I attended the Midwest MLA this past weekend, where I presented “Memory as Composition: Monastic Rhetoric, Cognitive Science, and Imageword.” I have no idea why I thought that would be a good title, but for some unknown reason I went with it last spring. It is, if nothing else, an accurate description of the paper. The monastic rhetoric is largely influenced by Mary Carruthers’ The Craft of Thought, the cognitive science focuses on conceptual integration (also known as conceptual or creative blending), and Imageword comes from Kristie Fleckenstein’s Embodied Literacies (though the discussion of imagery in composition studies draws from others as well). The presentation is part of my dissertation chapter “Memory and the Art of Imagery,” with the discussions of MOO-based writing and medieval poetry left out. And unlike the dissertation chapter, it included a discussion of my attempts the week before to have the students in my Process of Composition course define the US flag as a site of American social memory (les lieux de mémorie, to use Pierre Nora’s term) imagistically rather than linguistically. I need to start working with imagistic thinking much earlier in the course next semester.
While we all think in images as well as words, formal schooling, especially that in language arts and English studies, almost always privileges linguistic thought and expression over imagistic and image-word thought and expression, even when that thought and expression manifests itself as verbal imagery. Hmm…I knew there was a reason I’ve been sitting on this link to the book Jeffrey Jerome Cohen didn’t write. Cohen’s vignettes serve (and would have served) multiple functions. First, there’s the inventional purpose of creating such images to help work out ideas. There’s the illustrative purpose in that they would have provided examples of more abstract and complex ideas. Then there’s the mnemonic purpose in that they would have helped us remember Cohen’s ideas and why those ideas were important. And, finally, there’s what I’ll call the machina memorialis function (better ideas, anyone?), which is the role Cohen’s images can play in our own thinking. According to Carruthers, such images were referred to as pictura in some sources, and both the rhetorical tropes of ekphrasis and Bildeinsatz are examples of pictura.
While I didn’t attend Michael Berube’s keynote, I did hear about it from Eileen Joy, who, by the way, first pointed me to Pierre Nora’s work. In one sense Nora’s got it all wrong (the idea that pre-modern societies just remember naturally so they do not need sites of memory) but the idea of lieux de mémoire, what I regularly refer to as social sites of memory, is one I’ve run with. While at the conference, I spent much time with Gina Merys. Our nearly weekly meetings to drink coffee and talk of dissertations, theory, teaching, students, and life in general, ended when she moved away this June to be an assistant professor. And I seem to have once again missed Brendan Riley. I blame my forgetting to contact Brendan before hand on everything else I’ve been doing, which is:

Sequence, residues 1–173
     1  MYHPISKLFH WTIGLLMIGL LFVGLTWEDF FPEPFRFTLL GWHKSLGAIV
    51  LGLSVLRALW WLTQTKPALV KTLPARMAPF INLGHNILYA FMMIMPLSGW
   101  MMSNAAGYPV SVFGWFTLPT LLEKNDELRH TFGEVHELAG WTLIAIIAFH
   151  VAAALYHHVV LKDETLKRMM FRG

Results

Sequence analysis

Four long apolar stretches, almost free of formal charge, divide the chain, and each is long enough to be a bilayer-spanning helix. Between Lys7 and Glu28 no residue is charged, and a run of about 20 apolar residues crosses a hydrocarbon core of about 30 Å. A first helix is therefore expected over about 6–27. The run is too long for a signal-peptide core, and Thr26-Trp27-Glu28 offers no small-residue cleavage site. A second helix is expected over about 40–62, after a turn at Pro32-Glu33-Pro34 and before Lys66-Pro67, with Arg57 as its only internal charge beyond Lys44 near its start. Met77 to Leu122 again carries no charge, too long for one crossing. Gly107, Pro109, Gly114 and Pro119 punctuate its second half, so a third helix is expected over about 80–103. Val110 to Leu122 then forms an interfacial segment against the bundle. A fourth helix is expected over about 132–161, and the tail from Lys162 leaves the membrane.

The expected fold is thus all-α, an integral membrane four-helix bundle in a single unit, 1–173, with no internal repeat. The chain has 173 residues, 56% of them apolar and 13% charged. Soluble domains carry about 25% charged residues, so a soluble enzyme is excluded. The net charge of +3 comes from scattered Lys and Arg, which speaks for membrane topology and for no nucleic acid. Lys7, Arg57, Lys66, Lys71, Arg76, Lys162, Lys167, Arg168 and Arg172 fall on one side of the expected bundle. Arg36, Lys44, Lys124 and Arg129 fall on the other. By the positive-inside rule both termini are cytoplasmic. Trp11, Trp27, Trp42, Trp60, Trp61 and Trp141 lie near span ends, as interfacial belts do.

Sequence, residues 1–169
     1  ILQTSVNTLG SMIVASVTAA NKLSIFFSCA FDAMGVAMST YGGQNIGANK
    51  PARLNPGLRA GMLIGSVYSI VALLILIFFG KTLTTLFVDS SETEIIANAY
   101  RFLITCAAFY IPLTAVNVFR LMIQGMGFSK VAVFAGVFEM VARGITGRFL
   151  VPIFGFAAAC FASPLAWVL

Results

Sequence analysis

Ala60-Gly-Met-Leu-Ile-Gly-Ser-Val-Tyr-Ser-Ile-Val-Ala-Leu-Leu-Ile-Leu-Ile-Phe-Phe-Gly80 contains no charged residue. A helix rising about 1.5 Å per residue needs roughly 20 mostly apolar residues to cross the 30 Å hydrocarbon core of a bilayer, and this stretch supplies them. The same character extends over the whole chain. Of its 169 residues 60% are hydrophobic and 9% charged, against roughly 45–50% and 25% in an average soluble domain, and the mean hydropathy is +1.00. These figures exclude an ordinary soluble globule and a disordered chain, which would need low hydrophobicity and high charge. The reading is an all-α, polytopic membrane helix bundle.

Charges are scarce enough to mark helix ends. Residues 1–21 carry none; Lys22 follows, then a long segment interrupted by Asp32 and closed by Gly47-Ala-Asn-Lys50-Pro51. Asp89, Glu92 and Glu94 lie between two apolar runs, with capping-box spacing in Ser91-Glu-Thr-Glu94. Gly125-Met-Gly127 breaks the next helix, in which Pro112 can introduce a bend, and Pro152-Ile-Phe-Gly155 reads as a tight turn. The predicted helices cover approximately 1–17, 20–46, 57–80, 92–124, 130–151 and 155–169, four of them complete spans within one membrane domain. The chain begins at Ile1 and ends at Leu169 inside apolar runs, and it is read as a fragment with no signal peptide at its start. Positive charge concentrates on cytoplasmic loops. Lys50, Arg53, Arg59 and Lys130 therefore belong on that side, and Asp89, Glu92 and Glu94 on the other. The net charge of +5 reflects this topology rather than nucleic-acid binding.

Job applications. I’m still cranking them out, and I’m now getting requests for additional materials. I’m pleased that I’m being taken seriously by some medieval search committees as well as rhetoric and composition ones. I may have dropped my dissertation on Anglo-Saxon social memory for one on the rhetoric and poetics of memory, but I draw as heavily on medieval texts, theory, and scholarship as I do from rhetoric and composition (and, of course, there’s the whole overlap with medieval rhetoric and composition). It’s the juxtaposition of medieval texts and scholarship with the work of rhetoricians and compositionists such Sharon Crowley, Kristie Fleckenstein, Jeffrey Walker, Johndan Johnson-Eilola, Michael Calvin McGee, and Patricia Dunn (to name a few I worked with today), mixed together with cognitive and social memory studies, that really gets me thinking. For me, the connections between Chaucer’s House of Fame; the unit of “theme” in oral-formulaic theory; the meditative function of “The Dream of the Rood”; the use of mental, verbal, and graphic imagery in composition classrooms; mashups or visual exhibits of American social memory as composition assignments; and the database as a site of composition are clear as can be. Making those connections clear for everyone else is what my dissertation’s about.
Add to all this some teaching and work in the archives processing the Ong Manuscript Collection, and I’m amazed that I got some substantial dissertation writing done.
The leaves in my front and backyard, however, are going to have to wait a while longer.